Application of Automated Facial Expression Analysis and Qualitative Analysis to Assess Consumer Perception and Acceptability of Beverages and Water
Crist, Courtney Alissa
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Sensory and consumer sciences aim to understand the influences of product acceptability and purchase decisions. The food industry measures product acceptability through hedonic testing but often does not assess implicit or qualitative response. Incorporation of qualitative research and automated facial expression analysis (AFEA) may supplement hedonic acceptability testing to provide product insights. The purpose of this research was to assess the application of AFEA and qualitative analysis to understand consumer experience and response. In two studies, AFEA was applied to elucidate consumers emotional response to dairy (n=42) and water (n=46) beverages. For dairy, unflavored milk (x=6.6±1.8) and vanilla syrup flavored milk (x=5.9±2.2) (p>0.05) were acceptably rated (1=dislike extremely; 9=like extremely) while salty flavored milk (x=2.3±1.3) was least acceptable (p<0.05). Vanilla syrup flavored milk generated emotions with surprised intermittently present over time (10 sec) (p<0.025) compared to unflavored milk. Salty flavored milk created an intense disgust response among other emotions compared to unflavored milk (p<0.025). Using a bitter solutions model in water, an inverse relationship existed with acceptability as bitter intensity increased (rs=-0.90; p<0.0001). Facial expressions characterized as disgust and happy emotion increased in duration as bitter intensity increased while neutral remained similar across bitter intensities compared to the control (p<0.025). In a mixed methods analysis to enumerate microbial populations, assess water quality, and qualitatively gain consumer insights regarding water fountains and water filling stations, results inferred that water quality differences did not exist between water fountains and water filling stations (metals, pH, chlorine, and microbial) (p>0.05). However, the exterior of water fountains were microbially (8.8 CFU/cm^2) and visually cleaner than filling stations (10.4x10^3 CFU/cm^2) (p<0.05). Qualitative analysis contradicted quantitative findings as participants preferred water filling stations because they felt they were cleaner and delivered higher quality water. Lastly, The Theory of Planned Behavior was able to assist in understanding undergraduates' reusable water bottle behavior and revealed 11 categories (attitudes n=6; subjective norms n=2; perceived behavioral control n=2; intentions n=1). Collectively, the use of AFEA and qualitative analysis provided additional insight to consumer-product interaction and acceptability; however, additional research should include improving the sensitivity of AFEA to consumer product evaluation.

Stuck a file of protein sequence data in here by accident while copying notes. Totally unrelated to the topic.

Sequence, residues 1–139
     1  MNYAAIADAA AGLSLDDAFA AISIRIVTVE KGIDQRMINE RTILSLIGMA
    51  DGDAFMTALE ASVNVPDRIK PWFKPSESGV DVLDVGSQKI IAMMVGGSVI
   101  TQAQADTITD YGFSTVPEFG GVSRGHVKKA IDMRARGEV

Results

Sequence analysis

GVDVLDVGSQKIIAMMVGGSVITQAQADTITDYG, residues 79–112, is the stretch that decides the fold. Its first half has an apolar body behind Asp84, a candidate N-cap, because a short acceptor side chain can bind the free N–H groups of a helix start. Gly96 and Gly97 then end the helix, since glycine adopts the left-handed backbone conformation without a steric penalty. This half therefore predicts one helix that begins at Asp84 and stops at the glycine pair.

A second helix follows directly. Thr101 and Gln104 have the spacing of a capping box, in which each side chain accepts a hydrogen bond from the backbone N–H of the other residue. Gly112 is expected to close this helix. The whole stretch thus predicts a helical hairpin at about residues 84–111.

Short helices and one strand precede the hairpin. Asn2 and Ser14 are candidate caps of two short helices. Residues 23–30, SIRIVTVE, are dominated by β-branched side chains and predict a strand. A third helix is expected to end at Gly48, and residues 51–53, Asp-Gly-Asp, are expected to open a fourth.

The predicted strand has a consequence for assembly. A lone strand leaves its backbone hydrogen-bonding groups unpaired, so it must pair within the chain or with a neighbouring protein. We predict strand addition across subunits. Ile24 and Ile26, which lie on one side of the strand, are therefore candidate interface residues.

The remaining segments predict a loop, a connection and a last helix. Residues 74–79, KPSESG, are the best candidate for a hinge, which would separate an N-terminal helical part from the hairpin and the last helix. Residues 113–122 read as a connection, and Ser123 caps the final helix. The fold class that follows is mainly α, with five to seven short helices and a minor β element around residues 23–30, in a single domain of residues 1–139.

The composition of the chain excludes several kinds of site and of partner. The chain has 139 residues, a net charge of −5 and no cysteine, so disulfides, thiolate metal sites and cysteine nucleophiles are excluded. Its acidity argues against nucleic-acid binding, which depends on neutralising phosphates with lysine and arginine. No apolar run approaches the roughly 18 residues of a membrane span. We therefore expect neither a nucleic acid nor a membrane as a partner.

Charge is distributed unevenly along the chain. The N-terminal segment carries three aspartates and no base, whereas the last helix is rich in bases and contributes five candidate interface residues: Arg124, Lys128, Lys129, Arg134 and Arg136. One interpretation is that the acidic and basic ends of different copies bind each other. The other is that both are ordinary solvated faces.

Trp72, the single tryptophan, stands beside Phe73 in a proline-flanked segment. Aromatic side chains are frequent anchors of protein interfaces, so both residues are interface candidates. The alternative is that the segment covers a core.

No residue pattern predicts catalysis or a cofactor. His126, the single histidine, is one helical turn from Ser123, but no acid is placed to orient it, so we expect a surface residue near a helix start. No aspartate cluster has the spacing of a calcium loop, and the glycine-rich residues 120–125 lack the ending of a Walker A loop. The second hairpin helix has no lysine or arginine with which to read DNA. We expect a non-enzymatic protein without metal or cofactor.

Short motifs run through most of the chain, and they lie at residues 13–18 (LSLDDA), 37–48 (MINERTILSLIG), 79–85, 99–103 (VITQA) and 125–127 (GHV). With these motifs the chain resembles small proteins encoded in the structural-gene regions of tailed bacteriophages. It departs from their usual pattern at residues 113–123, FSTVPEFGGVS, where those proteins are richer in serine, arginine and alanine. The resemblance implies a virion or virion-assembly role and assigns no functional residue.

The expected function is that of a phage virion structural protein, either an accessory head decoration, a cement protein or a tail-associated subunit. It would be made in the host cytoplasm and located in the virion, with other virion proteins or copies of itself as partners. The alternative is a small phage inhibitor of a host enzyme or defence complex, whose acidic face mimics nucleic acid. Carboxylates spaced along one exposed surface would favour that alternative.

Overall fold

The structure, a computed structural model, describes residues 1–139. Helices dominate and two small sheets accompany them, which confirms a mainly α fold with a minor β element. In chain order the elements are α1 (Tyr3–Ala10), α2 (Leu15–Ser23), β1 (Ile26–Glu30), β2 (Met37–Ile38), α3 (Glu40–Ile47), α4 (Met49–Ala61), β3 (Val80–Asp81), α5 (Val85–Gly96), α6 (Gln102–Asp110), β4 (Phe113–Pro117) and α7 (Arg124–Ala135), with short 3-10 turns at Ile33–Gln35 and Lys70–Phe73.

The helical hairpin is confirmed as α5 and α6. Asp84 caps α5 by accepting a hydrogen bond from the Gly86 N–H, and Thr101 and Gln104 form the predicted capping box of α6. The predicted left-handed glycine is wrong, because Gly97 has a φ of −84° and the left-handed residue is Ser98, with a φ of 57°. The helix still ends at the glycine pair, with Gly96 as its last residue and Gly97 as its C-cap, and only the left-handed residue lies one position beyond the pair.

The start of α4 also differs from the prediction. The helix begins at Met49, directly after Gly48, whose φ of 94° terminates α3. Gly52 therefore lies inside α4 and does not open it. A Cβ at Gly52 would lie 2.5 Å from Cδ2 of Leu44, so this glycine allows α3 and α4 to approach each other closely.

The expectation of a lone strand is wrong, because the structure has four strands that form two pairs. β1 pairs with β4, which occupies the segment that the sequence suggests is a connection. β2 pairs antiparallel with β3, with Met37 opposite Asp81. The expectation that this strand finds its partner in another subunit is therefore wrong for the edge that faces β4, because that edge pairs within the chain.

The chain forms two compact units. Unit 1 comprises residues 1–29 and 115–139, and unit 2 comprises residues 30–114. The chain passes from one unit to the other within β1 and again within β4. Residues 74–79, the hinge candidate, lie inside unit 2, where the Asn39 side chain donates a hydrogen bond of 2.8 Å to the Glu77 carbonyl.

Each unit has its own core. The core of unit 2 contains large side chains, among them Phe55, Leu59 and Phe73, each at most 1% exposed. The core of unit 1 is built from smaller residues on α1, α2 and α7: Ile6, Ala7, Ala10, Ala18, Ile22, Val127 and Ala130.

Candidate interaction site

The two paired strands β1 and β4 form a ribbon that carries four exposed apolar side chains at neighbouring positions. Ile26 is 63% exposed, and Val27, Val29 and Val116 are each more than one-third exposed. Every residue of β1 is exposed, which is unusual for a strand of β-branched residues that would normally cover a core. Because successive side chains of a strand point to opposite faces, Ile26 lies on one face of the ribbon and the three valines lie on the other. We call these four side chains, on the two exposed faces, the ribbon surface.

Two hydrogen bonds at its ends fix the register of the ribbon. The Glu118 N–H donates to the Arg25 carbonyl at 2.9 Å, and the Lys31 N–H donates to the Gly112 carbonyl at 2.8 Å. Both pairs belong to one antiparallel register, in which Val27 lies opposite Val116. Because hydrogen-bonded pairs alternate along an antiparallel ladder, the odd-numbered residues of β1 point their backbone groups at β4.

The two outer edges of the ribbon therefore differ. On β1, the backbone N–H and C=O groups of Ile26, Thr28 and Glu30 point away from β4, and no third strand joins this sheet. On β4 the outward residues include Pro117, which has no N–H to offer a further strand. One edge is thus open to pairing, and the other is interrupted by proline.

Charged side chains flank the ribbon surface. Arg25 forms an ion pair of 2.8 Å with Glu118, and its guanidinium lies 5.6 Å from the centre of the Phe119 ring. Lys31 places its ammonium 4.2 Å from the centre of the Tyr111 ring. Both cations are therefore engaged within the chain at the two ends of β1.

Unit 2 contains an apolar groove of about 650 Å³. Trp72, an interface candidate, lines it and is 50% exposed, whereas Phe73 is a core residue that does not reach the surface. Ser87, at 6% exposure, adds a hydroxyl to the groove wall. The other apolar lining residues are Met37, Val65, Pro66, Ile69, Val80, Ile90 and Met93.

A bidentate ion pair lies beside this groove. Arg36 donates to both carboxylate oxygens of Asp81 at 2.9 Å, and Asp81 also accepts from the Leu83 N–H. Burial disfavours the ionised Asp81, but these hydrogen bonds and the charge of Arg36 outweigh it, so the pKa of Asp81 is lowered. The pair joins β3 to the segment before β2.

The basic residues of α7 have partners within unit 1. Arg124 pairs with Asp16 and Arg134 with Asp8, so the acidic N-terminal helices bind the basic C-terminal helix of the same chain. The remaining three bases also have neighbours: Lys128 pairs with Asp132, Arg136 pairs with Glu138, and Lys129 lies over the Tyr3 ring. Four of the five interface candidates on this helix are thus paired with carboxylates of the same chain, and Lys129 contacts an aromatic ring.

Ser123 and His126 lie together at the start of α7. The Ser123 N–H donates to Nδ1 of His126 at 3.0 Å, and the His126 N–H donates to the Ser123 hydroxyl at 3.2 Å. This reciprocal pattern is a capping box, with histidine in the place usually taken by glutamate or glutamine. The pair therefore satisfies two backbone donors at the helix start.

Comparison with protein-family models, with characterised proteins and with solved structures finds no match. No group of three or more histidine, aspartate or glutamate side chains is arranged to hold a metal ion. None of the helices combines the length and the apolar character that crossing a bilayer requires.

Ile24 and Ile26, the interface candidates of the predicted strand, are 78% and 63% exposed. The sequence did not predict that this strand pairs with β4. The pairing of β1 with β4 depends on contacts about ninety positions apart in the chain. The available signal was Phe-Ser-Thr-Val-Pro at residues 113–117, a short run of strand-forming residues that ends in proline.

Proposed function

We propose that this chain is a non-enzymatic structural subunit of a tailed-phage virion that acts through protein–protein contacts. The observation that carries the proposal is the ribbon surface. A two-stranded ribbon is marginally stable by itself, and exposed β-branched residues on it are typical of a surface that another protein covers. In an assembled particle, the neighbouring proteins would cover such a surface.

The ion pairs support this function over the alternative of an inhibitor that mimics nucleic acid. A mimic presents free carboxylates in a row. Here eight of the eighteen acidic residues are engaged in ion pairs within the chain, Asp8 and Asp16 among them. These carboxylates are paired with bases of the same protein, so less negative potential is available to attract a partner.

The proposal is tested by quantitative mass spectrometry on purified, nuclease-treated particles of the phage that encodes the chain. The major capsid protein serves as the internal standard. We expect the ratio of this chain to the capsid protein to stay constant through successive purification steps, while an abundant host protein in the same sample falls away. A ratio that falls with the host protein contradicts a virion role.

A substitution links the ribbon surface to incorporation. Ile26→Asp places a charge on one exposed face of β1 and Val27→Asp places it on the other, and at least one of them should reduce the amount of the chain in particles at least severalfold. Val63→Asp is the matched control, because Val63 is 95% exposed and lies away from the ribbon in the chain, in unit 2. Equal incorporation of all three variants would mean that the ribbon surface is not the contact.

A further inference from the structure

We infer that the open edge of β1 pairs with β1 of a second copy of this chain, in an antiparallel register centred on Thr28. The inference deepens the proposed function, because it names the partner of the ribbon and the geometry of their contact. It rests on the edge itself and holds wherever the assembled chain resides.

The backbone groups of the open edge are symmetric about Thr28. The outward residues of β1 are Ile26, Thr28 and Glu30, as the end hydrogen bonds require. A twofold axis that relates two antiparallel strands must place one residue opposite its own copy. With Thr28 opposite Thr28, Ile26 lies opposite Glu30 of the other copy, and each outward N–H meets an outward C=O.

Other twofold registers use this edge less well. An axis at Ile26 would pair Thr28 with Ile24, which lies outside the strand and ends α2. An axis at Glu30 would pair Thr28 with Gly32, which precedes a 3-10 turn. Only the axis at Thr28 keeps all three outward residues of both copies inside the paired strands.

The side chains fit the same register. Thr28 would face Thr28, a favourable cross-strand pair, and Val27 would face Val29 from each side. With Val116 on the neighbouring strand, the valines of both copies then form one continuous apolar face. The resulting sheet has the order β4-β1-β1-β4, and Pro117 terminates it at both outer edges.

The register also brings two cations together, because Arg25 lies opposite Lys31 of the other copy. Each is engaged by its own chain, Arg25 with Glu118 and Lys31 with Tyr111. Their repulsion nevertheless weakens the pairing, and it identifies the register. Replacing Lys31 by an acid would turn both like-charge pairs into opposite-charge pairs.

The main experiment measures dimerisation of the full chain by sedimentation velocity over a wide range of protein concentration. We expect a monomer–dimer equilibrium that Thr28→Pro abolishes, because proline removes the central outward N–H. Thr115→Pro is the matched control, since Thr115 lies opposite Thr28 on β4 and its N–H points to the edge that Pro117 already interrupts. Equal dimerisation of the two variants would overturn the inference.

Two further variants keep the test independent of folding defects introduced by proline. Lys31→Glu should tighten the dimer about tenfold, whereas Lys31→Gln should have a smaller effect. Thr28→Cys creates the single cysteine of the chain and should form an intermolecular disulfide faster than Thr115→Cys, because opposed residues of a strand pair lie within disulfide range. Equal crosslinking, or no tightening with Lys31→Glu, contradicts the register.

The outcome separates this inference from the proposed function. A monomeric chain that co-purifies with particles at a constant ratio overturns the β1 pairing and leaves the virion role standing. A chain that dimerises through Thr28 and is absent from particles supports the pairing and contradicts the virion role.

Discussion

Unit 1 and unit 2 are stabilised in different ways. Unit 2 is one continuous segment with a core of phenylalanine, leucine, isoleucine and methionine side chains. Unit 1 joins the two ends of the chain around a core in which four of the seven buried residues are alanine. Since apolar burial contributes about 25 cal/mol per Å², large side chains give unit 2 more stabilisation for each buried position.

- Doctoral Dissertations